• 21
    Working with the Weaver theme
    About Themes and Theme Frameworks

    Themes are customizable to a greater or lesser extent, depending on the theme's design and complexity. Choosing a theme that meets your aesthetic and functional requirements, and yet is highly customizable, is likely the biggest challenge you will face in creating your new website.  At WP Academy, we recommend commercial themes as they can make a very attractive yet flexible site quite rapidly. The free Weaver theme however is also quite good, and so we have chosen it to build out our demo site.

    Where to find your theme options panel

    Your theme options panel is under the "Appearance" menu. Depending on the complexity of the theme, you may find just a few settings, or you may find pages and pages of available settings. A sophisticated theme will give you very fine-grained control of the styling (or presentation) of every element of your site, and may also give you a choice of sidebar locations, allow you to change the width of your site and of your sidebars, etc.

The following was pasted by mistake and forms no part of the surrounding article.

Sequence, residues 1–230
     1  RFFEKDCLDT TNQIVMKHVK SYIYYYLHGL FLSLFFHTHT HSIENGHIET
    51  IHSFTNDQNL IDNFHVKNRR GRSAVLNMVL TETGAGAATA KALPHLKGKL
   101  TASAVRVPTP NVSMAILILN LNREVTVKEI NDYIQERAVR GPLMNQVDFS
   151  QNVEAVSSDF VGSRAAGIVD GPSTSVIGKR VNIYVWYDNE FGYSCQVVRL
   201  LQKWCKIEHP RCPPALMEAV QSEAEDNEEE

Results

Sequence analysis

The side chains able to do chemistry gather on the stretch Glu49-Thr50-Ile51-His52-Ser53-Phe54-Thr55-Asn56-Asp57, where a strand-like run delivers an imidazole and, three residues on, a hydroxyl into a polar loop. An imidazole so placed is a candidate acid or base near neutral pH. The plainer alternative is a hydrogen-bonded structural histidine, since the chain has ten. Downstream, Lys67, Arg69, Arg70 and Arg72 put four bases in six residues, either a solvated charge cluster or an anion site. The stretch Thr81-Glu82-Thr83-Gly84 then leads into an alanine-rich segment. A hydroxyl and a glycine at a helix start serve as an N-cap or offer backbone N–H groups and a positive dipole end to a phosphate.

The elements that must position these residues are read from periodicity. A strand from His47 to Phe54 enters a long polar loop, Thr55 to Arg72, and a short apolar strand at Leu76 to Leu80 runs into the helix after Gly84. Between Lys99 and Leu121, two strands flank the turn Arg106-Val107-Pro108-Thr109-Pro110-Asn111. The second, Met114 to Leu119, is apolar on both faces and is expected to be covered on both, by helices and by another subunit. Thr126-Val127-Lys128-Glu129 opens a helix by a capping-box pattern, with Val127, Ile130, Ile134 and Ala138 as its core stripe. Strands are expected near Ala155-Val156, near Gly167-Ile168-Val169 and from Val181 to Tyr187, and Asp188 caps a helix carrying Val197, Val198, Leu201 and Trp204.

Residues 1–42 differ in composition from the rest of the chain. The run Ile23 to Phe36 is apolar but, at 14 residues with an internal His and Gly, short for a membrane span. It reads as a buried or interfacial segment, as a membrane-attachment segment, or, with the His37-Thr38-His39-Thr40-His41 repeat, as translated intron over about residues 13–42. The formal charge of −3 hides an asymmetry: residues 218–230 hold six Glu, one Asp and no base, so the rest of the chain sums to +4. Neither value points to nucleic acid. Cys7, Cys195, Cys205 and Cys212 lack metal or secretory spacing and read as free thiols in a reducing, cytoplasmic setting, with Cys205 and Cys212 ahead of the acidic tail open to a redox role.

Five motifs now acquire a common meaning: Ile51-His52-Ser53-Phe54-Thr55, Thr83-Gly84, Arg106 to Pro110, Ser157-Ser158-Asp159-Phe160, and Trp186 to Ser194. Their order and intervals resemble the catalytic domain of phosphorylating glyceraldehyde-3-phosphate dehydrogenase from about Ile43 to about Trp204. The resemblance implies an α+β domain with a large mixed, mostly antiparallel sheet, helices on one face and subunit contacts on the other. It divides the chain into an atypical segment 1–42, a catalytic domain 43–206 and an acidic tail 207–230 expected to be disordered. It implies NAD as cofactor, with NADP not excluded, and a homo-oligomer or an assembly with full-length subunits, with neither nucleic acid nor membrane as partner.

Note that even for a theme that does not give a lot of theme options, you can always customize your theme's look-and-feel (colors, fonts etc) by changing your theme's CSS.
  • 22
    Setting up Post Categories and Blog pages
    By default, WordPress comes configured as a Blog.  This means your home page contains all of your posts, across all categories.  You can move your blog page to a place other than the front (home) page, and link it from your navigation bar as described here; but by default your blog page will still contain posts in all categories.

    Sometimes you want to configure your site to have many different Blog pages, each specializing in a particular content area, or Post Category.  Many people are confused by how to do this, but its quite simple. This lecture will show you how.
  • SECTION 4:
    Widgets and Widget Areas
  • 23